“This is the most important thing we should be doing in terms of getting new audiences,” said Lucy Wang, reflecting on her spring break in Bellingham, Washington. “Going into schools is a great opportunity to expose young students to classical music.”
Lucy, along with her fellow Viano Quartet members Hao Zhou, Johanna Nowik, and Tate Zawadiuk, spent a week at the Bellingham Festival of Music this March. They are the sixth ensemble from Colburn to participate in the Play it Forward Chamber Music Residency, which takes place every year as a part of the festival and brings young musicians to middle and high school classrooms throughout the county.
They visited 16 classrooms total, performing Mozart, Ravel, and Bartók for music students of varying levels. Besides developing their stage and teaching techniques, the quartet discovered the importance of outreach in schools. Not only did they expose young students to classical music in general, but they were also able to break down preconceived notions about how it’s not just Mozart. The quartet tried to expand the students’ perception of classical music by introducing them to less traditional composers like Bartók. “Even if they don’t like it, it gets them thinking about how different classical music can be,” Hao observed. Fortunately, when Lucy described the Bartók string quartet they performed as the “heavy metal of classical,” the many middle school Metallica fans responded enthusiastically.
Lucy, Hao, Johanna, and Tate also grew to appreciate the classroom as a space for teaching and dialogue, unlike the concert halls they are used to playing in. “It’s important to talk about a piece before you play it, especially if you’re performing something complicated, or there’s something you don’t want the audience to miss,” said Hao. “If you take five minutes to explain the background of a piece and what to listen for, people will enjoy it more. Once the kids had something to latch onto, it was amazing to see how quickly and easily they expanded on those ideas.” And, unlike in a concert hall, the students were able to express their thoughts about the music without fear of acting inappropriately.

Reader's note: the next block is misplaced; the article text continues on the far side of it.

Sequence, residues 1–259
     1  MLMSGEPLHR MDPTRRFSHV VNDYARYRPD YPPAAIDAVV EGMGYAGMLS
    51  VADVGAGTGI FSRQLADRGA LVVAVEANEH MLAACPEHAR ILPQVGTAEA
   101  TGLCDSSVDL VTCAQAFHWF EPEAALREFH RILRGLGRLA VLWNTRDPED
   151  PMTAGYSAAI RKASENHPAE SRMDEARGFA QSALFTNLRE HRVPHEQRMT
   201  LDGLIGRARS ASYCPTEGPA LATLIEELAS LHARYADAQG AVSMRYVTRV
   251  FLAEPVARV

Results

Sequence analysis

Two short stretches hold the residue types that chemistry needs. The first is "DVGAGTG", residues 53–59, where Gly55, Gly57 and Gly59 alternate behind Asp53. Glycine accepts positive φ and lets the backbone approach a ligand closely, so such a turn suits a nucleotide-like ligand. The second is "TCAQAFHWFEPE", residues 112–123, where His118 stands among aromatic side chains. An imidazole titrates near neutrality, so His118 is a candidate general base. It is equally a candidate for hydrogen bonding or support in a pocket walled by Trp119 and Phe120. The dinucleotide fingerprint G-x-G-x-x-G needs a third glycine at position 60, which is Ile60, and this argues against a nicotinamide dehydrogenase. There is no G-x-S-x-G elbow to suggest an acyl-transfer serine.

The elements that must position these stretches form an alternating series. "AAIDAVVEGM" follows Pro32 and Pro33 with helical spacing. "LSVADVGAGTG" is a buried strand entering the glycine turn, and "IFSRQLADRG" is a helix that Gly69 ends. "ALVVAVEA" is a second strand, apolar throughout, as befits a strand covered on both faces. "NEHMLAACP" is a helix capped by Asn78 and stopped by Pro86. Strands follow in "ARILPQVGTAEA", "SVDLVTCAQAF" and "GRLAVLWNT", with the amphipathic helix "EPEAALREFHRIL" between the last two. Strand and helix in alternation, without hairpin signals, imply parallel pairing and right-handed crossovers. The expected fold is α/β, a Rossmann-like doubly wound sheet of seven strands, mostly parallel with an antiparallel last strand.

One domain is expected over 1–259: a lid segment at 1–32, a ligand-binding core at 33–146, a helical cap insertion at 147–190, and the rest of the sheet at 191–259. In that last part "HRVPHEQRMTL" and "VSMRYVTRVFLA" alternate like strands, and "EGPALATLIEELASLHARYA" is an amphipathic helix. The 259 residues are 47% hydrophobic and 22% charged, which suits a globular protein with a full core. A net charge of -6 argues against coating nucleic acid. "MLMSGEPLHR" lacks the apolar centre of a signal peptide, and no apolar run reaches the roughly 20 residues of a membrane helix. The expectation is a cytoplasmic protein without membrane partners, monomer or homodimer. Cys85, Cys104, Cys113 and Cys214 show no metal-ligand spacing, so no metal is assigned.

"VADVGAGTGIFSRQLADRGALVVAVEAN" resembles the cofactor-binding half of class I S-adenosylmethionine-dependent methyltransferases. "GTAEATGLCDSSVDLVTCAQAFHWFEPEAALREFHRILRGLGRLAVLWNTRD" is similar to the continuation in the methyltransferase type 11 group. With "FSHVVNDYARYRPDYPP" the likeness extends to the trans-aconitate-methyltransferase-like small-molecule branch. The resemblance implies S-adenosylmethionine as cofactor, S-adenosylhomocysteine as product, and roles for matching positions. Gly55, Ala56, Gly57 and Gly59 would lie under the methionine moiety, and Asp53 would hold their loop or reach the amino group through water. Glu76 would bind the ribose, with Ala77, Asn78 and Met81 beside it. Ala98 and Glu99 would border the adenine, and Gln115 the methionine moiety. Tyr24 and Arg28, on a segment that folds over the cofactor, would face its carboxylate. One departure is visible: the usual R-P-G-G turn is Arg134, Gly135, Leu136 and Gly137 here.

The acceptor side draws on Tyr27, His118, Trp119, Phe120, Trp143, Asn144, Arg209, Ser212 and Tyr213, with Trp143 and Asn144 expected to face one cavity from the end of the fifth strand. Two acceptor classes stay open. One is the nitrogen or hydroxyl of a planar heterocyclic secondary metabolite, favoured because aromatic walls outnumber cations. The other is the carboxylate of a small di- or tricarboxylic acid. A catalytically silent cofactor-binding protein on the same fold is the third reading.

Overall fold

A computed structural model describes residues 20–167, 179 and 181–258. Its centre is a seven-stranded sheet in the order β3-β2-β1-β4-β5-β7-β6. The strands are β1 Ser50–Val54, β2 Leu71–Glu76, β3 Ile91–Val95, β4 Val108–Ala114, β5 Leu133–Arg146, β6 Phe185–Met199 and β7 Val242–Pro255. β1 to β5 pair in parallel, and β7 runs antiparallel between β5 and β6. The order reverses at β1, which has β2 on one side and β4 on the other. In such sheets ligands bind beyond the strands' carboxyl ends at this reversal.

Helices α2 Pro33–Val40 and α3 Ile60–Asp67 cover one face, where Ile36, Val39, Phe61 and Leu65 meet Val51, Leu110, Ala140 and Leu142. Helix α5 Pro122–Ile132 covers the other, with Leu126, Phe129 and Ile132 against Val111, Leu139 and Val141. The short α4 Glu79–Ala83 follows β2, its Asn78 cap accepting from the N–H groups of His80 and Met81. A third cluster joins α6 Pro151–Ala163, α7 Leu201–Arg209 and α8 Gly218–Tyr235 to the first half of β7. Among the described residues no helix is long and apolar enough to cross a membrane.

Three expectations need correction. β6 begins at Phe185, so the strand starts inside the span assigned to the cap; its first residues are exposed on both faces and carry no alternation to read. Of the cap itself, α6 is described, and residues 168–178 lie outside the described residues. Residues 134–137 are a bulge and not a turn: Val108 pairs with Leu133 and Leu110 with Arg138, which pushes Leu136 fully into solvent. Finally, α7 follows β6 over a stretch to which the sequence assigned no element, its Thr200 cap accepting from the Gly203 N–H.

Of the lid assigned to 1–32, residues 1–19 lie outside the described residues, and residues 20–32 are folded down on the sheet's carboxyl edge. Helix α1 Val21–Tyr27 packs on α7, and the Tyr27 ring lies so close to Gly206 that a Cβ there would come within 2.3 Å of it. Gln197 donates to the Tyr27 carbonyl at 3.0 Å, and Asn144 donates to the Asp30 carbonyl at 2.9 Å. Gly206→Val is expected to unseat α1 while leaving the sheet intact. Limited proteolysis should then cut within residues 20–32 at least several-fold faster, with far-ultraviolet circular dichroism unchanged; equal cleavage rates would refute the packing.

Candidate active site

Just two days after the quartet came home, they were able to bring back what they had learned in Washington to a house concert where they first talked about, then played a Dvořák string quartet. After they performed, an audience member came up to them to say that their explanation in the beginning gave her the confidence to express her opinions about the piece and that without it, she would have thought her interpretation was wrong.
By initiating a conversation before playing, the quartet created a connection with the audience and the opportunity for audience members to become more than just passive listeners. “A lot of the comments we got aren’t things that are usually expressed. People feel unconfident because other people will come back and tell them, ‘You’re wrong.’ So the kids were really happy that we included them and gave them that chance,” Hao explained.